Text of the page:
Defining the System COST ELEMENT STRUCTURE
2.0 PROCUREMENT
CES ELEMENT
FY00CM TYM 2.01 NON REC PROD.
2.02 REC. PROD
2.03 ENG. CHG 2.04
SEPM 2.05 SYS TE 2.06
TRAINING 2.07 DATA
2.08
SUPP. EQUIP. 2.09 OPER./SITE/ACT.
2.10
FIELDING
2.11 TRAIN. AMMO/MSLS
2.12 WAR
RESV. 2.13 MODS
2.14
OTHER
16.110M 16.583M 1,169.348
1,312.377 0.0
0.0 116.637 132.258
12.564 14.437 28.880
31.499 2.073 2.300
146.460 158.304 0.0
0.0 89.525
101.635 59.001
79.482 0.0
0.0 236.619 280.729 51.739
64.129
19
Defining the System COST ELEMENT STRUCTURE 3.0
CON
CES ELEMENT
FY00CM TYM 3.01
DEVELOP. CONSTRUCTION 3.02 PRODUCT.
CONSTRUCTION
3.03 OPERATION/SITE
ACTIVATION 3.04 OTHER N
20
Defining the System COST ELEMENT STRUCTURE 4.0
Pay Allowances
CES ELEMENT
FY00CM TYM 4.01 CREW 4.02
MAINTENANCE
4.03 SYSTEM SPECIFIC
SUPPORT 4.04 SEPM 4.05 REPLACEMENT
PERSONNEL 4.06 OTHER
21
Defining the System COST ELEMENT STRUCTURE 5.0
Operating Maintenance (OM)
CES ELEMENT
FY00CM TYM 5.01 FIELD MAINT.,
CIV LABOR 5.02 SYS. SPECIFIC BASE OPS
5.03 REPLENISHMENT DLRs 5.04
REPLEN. CONSUMMABLES 5.05 POL 5.06
END ITEM MAINTENANCE 5.07
TRANSPORTATION
5.08
SOFTWARE 5.09 SEPM
5.10 TRAINING

5.11 OTHER

22
Defining the System Cost Analysis Requirements
Description (CARD)
  • Source of a systems description
  • Describes important features
  • Is provided to other groups preparing cost
    estimates
  • Helps ensure all groups are costing out the same
    program.
  • Prepared by program office approved by
  • DoD Component Program Executive Officer

23
Defining the System Cost Analysis Requirements
Description (CARD) Continued
24
Defining the System CARD Continued
25
Definition and PlanningGround Rules Assumptions
  • State the conditions which must take place in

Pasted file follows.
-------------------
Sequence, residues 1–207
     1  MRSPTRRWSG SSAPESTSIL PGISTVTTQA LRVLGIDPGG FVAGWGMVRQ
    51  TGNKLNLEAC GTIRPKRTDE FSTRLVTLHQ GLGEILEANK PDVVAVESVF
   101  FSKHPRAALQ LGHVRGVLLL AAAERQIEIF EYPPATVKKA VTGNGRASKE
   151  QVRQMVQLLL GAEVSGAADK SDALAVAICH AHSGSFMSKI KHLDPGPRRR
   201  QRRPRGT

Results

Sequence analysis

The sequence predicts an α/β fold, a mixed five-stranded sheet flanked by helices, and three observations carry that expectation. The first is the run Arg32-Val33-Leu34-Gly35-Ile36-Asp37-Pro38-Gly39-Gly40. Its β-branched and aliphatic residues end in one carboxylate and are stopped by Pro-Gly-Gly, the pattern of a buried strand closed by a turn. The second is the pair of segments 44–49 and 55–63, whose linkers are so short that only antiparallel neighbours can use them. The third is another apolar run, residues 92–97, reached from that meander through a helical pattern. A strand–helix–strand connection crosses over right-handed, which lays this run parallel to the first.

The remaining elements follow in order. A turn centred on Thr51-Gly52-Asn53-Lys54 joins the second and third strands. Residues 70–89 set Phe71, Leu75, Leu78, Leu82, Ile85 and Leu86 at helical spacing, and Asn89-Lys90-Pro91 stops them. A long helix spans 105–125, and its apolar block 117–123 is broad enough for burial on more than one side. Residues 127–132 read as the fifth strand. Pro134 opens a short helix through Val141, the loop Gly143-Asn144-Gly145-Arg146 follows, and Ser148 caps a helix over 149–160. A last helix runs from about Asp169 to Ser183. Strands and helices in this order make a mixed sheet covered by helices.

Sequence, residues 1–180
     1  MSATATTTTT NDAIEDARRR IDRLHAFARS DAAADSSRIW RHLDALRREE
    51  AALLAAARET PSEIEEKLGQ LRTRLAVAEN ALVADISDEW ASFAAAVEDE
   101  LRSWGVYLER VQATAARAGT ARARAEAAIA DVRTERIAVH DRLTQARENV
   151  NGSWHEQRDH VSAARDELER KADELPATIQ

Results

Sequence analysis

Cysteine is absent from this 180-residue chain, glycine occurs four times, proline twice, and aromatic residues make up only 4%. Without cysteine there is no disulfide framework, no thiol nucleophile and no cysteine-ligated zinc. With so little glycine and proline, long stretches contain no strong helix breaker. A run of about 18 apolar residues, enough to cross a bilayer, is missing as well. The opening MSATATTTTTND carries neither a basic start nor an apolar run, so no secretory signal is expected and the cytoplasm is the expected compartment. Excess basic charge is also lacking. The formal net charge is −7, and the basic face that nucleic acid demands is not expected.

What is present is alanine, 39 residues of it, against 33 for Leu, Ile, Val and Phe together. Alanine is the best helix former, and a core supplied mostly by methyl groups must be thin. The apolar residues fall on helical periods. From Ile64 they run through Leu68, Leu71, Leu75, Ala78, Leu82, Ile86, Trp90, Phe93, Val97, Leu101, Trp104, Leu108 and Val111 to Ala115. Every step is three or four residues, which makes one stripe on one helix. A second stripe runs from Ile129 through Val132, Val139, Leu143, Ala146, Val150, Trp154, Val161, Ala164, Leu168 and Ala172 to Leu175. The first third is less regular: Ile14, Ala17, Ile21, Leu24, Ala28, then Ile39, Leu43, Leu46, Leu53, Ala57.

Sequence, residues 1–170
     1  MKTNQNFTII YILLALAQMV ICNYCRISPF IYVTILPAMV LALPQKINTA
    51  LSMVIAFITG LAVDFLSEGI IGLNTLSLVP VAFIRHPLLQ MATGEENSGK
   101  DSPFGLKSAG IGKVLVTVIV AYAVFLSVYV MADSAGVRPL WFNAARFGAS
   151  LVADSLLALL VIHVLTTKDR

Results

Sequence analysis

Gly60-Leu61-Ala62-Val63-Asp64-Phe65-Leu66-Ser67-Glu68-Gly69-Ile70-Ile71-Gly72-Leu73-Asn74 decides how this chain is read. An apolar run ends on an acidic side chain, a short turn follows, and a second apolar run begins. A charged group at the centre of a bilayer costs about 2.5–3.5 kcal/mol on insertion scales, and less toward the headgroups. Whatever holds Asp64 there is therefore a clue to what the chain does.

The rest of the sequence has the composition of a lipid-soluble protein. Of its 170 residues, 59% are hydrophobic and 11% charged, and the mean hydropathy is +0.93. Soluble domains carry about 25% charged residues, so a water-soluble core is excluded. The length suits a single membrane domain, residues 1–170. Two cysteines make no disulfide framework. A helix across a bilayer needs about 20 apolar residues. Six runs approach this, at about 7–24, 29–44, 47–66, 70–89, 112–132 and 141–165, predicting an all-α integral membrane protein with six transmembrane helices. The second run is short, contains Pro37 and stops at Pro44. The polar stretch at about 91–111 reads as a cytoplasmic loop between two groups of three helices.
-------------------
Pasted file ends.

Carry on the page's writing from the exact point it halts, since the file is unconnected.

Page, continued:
order for the estimate to be valid
  • Ground rules and assumptions must be documented
    since changes in these areas provide an audit
    trail for changes in the cost estimate.

26
Data Collection and Analysis
  • Collection and analysis represent a significant
    amount of the overall estimating task in terms of
    time. The analysis will include decisions on
    what programs to include in the data set to
    whether to truncate lot data on a program for
    which you are calculating a learning curve.
  • Document data in your analysis, and any
    assumptions you make

27
Data Collection and Analysis
  • The direction we take in collecting historical
    data will be determined by our choice of
    estimating methodologies.
  • This step may also dictate a change in estimating
    approach due to the availability or
    non-availability of certain data.
  • Data collection is not limited to cost data. We
    must also collect technical and program data if
    we want the total picture of the historical
    systems. This will help us ensure the
    comparability of the systems that we are
    collecting data on with the system we are
    estimating.

28
Data Collection and Analysis Most Difficult Task
in Cost Estimating
  • Data Sources
  • Data Types Cost/Resource, Technical, Program
  • Categories Primary, Secondary
  • Data Problems
  • Wrong Format Matching up Definition
  • Temporal Factors - comparability
  • Normalization
  • Data Location

29
Tools for Total Ownership Cost Estimating
Life Cycle Cost Management Tools
30
Definition and PlanningSelect the Estimating
Approach
  • Techniques available
  • Analogy
  • Parametric
  • Engineering
  • Extrapolation
  • Expert Opinion
  • Select the technique that is most applicable to a
    specific WBS element

31
Definition and PlanningEstimating Methods
  • Analogy
  • Basic Comparison
  • Factors
  • Parametric
  • Regression Analysis
  • Engineering
  • Detailed
  • Expert Opinion
  • Committee
  • Delphi

32
Life Cycle Cost Estimates
  • Cost estimates based on confidence intervals
  • Parametric analysis based on similar systems and
    similar attributes (regression)
  • Engineering data based on reliability projections
    used for bottoms-up estimate
  • Actual system costs used to extrapolate future
    system costs
  • Cost estimate revised every two years after
    production
  • Weights associated with non-actuals decrease as
    system matures
  • MS B is a true hard stop for systems

33
Cost Estimating MethodsAnalogy Method
  • Based on direct comparison with historical
    information of similar existing activities,
    systems, or components.
  • Compares new system with one or more existing
    similar systems where there is accurate cost and
    technical data.
  • Analyst must show validity of comparison.

34
Cost Estimating MethodsAnalogy Method
  • Based on known costs of a similar program
  • Adjustments for complexity, technical, physical
  • Strengths
  • Based on representative experience
  • Less time consuming than others
  • Can be used as a check on other techniques
  • Weaknesses
  • Small sample size